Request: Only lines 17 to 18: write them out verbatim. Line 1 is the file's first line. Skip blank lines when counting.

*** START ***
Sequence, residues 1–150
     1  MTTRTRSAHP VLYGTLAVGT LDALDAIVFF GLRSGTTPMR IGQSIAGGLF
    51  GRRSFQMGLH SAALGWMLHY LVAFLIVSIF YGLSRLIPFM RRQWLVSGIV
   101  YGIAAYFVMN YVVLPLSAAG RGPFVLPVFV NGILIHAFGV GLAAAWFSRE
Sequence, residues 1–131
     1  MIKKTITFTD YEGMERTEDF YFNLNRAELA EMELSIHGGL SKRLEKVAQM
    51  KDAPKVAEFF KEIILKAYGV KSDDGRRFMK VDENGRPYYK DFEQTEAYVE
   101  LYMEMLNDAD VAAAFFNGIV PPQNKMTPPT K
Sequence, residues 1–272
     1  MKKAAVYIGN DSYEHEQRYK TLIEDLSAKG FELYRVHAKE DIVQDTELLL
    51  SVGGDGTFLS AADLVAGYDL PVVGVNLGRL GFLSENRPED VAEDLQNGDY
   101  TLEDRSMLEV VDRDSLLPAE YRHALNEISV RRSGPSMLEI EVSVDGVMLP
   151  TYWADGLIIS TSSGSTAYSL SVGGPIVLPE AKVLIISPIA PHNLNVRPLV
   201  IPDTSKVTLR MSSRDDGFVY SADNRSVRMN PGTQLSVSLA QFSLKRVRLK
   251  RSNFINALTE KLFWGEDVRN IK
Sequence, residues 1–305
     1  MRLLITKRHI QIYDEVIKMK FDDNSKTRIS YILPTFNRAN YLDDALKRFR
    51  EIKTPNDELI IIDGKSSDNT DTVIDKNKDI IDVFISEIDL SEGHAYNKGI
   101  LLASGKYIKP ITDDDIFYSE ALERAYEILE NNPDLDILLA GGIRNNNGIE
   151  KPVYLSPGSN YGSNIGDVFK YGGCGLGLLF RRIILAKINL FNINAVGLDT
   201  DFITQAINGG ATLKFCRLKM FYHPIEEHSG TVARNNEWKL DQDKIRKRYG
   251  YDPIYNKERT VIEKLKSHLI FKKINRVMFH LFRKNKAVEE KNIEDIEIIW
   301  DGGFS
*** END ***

     1  MRLLITKRHI QIYDEVIKMK FDDNSKTRIS YILPTFNRAN YLDDALKRFR
    51  EIKTPNDELI IIDGKSSDNT DTVIDKNKDI IDVFISEIDL SEGHAYNKGI